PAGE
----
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The great bridges of Rome: the Tiber and distant eras

A symbol of ingenuity and history between great events and everyday life

The great bridges of Rome are a fundamental chapter of the imposing cultural, historical and urban heritage of the Eternal City. We can organize a guided walking tour with authorized guides, and also insert this activity in a wider program of deepening of Rome.

These monumental works of engineering have always assisted the flow of history by uniting different neighborhoods and eras. Among the most symbolic of Rome, Ponte Milvio (206 B.C.)  (maps) is a monument steeped in romance and history. In 312 A.D., Emperor Constantine defeated Maxentius in a decisive battle, marking his triumph and the end of Christian persecution.

Today it is famous for the “Padlock of Love” pinned by couples who swear eternal love.

From the Tiber Island, the charm of the great bridges of Rome

The magical Tiber Island is a unique place with two fascinating bridges that connect it to both sides of the Tiber. They are the Ponte Cestio (46 B.C.) (maps) built under Julius Caesar. And the Ponte Fabricio (62 B.C.)  (maps) called Ponte Quattro Capi (that means four heads).

Legend has it that the four architects involved in the construction quarreled with each other and Pope Sixtus V (1521-1590) had them beheaded all. Immediately after the Pons Emilio (179 B.C. rebuilt in 189 A.D.) (maps) better known to the Romans as Ponte Rotto (that means “broken bridge”). That connected the Jewish Ghetto to Trastevere. Its name derives from the damage caused by the numerous floods, for which the bridge is the symbol of a city that always rises.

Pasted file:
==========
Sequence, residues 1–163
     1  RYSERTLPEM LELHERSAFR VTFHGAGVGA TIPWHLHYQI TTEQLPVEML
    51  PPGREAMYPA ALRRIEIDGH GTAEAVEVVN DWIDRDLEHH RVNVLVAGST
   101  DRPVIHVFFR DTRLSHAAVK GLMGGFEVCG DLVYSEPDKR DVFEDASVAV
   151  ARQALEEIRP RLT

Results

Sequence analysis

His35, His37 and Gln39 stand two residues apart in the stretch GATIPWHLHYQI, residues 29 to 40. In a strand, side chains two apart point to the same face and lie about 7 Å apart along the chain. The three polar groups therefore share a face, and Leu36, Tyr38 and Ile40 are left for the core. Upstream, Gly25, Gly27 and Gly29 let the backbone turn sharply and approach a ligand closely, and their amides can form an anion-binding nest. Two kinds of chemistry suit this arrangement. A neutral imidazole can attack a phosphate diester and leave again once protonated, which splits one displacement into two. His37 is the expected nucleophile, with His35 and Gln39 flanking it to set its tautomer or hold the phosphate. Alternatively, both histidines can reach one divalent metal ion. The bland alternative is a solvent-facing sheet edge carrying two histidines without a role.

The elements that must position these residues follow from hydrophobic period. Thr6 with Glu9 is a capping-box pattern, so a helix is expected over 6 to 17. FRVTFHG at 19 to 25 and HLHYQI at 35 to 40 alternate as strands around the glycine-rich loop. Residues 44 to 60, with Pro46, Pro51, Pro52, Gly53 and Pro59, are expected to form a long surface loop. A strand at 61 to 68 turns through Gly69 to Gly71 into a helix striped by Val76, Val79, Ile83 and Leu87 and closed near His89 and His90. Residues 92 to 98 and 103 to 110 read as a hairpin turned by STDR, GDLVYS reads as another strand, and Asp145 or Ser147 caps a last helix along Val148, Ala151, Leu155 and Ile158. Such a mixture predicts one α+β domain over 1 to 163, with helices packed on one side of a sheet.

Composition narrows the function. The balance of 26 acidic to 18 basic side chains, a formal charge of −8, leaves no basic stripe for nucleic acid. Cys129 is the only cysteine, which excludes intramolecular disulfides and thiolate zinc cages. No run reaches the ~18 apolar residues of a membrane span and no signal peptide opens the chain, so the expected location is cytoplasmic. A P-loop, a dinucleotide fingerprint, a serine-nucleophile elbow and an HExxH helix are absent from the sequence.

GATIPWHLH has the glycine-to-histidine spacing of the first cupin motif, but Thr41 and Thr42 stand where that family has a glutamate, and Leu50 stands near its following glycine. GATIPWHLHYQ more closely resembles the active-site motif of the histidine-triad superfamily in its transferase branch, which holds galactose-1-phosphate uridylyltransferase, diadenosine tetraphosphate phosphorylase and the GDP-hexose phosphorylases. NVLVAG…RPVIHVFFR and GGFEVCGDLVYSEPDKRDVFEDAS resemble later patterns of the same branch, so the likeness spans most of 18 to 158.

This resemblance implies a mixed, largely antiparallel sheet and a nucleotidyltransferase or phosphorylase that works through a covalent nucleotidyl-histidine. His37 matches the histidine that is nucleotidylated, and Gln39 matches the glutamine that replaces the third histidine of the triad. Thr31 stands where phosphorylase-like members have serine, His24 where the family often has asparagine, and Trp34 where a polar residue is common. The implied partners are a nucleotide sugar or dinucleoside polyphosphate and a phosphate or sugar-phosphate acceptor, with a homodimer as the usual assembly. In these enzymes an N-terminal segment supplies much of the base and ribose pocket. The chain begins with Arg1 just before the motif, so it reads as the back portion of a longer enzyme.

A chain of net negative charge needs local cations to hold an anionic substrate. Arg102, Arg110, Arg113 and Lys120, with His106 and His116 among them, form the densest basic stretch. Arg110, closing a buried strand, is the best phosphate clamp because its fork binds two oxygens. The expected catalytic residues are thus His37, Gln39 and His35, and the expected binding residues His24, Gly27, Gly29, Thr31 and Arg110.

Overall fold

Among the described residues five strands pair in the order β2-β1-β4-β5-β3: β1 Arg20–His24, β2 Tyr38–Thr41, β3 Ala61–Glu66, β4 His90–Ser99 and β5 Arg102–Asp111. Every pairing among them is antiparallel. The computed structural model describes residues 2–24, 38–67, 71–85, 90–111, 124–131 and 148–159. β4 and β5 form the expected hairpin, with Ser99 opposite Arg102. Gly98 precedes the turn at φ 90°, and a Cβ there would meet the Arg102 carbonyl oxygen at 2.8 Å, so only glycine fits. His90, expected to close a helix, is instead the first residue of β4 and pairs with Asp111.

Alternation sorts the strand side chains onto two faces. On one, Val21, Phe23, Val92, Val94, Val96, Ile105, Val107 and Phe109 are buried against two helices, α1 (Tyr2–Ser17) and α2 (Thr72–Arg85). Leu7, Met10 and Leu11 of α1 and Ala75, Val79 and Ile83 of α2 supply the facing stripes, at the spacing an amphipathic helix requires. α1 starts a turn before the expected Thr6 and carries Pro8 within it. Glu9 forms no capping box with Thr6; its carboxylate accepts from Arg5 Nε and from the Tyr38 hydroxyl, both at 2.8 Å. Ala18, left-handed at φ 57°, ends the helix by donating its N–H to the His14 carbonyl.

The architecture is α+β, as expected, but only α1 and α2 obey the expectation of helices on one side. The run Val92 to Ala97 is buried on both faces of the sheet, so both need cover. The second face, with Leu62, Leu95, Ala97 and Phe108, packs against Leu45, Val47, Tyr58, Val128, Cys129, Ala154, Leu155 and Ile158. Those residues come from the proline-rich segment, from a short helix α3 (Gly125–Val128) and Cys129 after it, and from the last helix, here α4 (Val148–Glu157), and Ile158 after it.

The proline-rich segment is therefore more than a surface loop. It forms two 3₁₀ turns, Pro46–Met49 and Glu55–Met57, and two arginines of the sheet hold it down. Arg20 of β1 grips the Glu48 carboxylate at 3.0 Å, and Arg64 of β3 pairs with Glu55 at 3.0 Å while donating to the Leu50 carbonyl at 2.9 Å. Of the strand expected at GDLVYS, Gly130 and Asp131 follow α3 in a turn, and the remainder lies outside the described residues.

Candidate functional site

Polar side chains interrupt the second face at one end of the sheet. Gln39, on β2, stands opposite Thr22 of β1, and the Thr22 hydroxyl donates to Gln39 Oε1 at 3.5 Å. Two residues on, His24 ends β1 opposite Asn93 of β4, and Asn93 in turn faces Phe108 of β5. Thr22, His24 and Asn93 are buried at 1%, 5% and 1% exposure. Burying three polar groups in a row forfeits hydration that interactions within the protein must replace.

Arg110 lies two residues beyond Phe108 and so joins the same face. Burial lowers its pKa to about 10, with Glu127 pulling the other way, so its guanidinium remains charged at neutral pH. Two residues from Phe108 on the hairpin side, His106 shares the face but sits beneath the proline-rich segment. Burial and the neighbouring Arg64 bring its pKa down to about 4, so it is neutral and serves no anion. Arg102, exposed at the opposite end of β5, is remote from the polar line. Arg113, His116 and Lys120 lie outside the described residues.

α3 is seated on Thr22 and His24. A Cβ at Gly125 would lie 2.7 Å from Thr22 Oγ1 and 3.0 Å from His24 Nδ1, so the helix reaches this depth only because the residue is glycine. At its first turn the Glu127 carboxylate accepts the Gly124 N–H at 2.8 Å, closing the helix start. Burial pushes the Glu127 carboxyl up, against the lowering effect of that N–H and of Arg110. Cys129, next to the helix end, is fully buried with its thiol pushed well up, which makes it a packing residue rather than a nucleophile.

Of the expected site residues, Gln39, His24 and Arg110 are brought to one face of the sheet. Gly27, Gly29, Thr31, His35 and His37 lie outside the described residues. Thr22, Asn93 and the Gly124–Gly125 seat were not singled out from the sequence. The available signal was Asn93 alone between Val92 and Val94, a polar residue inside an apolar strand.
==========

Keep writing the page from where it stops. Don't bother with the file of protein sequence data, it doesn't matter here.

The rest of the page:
Rome and Vatican also connected through the Tiber

To unite Rome and the Vatican Ponte Sant’Angelo, (formerly Pons Aelius 134 A.D. “Pons” is the Latin word for “bridge”) (maps) , an integral part of the mausoleum of Augustus. That later became the bridge between Rome and the Vatican.

Crossing it means immersing oneself in the magnificence of art and faith. Going down towards the city center we find Ponte Sisto (maps), built by Baccio Pontelli (1473) with material of the Colosseum. A meeting place of the great of the Renaissance.

No less famous is the Ponte Sublicio (1917) (maps), built by the architect Marcello Piacentini, which connects Trastevere to Testaccio, characteristic districts of the city.

Name and place recall the ancient wooden bridge of the same name imbued with myth and legend. His fame was linked to the legend of Horace Coclite, who defended Rome on the bridge against his enemies by sacrificing himself.

There is also another historic bridge over the Capital’s other river

The Tiber has a very important tributary in the river Aniene that flows into its waters coming from the West. At the point where it meets the Via Nomentana there is the Ponte Nomentano (187 A.D.) (maps) already the gateway to the picturesque Roman countryside.

Commissioned by Emperor Marcus Aurelius, the bridge has witnessed many historical events also as an important point of passage to the North. It often changed ownership among the noble families of Rome and in the 1500s it also served as a customs of the city.

The symbolism of the bridge, with the necessary great skills and expertise in building it, are translated from Ancient Rome into the Christian religion. In this way “Pontifex Maximus” the Pope’s name as “Pontiff”.

In this article we have not dealt with the most modern bridges, from ‘800 to today, built especially after the Unification of Italy. They will be the subject of a next article for which we invite you to follow our blog.

With the Blog of Rome and Latium Region, Around Rome guides you to discover the territories for the pleasure of satisfying curiosity and putting culture at the service of people and businesses.

Edited by il NETWORK | text Andrea Franchiniphoto  Ezio Bocci

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